He’s in the office of Tonya Zeczycki, another assistant professor of biochemistry. Despite similar job titles, their roles are different. Bridges is a protein expert. Zeczycki is a physical biochemist/enzymologist who specializes in, as she says, “how this little machine works and moves.”
And that’s why their presence together is significant. If Bridges’ protease actually does something, Zeczycki will figure out what gets it into action.
This type of scientific collaboration has taken hold in research labs around the world and across ECU. Called research networks, they are helping scientists solve more complex problems and gain research funding by bringing together experts in disparate fields who work together to answer specific questions.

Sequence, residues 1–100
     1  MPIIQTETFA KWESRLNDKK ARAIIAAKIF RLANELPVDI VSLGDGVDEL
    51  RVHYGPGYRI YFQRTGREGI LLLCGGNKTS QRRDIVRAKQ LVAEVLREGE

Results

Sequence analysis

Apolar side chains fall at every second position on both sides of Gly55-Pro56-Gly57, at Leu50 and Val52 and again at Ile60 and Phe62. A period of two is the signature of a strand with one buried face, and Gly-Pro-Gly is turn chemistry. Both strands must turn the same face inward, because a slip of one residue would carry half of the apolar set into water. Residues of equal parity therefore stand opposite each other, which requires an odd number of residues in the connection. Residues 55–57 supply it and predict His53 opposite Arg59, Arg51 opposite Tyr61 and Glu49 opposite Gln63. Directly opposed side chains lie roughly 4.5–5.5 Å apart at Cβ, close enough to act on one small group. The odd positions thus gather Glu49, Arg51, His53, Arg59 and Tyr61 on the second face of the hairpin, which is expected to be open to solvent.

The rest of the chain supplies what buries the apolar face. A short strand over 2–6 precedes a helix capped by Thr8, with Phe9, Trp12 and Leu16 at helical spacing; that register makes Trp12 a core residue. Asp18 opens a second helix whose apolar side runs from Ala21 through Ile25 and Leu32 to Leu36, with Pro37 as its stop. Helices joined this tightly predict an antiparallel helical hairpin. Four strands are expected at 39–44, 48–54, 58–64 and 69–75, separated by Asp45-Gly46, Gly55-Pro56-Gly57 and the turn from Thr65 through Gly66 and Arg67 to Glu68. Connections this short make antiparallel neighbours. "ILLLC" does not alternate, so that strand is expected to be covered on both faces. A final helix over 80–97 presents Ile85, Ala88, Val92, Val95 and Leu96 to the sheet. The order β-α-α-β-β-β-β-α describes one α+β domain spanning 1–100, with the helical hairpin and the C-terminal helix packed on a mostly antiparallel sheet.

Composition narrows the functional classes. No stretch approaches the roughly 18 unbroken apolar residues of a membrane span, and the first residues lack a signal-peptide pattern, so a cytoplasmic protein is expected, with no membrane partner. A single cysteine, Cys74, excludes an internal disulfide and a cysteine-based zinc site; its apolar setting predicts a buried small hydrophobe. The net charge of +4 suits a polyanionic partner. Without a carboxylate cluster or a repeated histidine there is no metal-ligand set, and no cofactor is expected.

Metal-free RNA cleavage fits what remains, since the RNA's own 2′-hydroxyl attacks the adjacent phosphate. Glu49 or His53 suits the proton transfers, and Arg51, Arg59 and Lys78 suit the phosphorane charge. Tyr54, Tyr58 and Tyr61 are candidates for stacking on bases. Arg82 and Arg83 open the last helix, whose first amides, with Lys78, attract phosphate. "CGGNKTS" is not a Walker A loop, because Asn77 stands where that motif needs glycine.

“Not only is organizing and developing research networks across campus an institutional priority, research and graduate studies in partnership with other state agencies as well as campus colleges and schools are proactively supporting, promoting, hosting and, in some cases, sponsoring the development of research networks,” said Ernest Marshburn, director of the Office of Research Development at ECU. Those efforts include STEM@Starlight, Research Mingle and research meetings at the Tipsy Teapot cafe.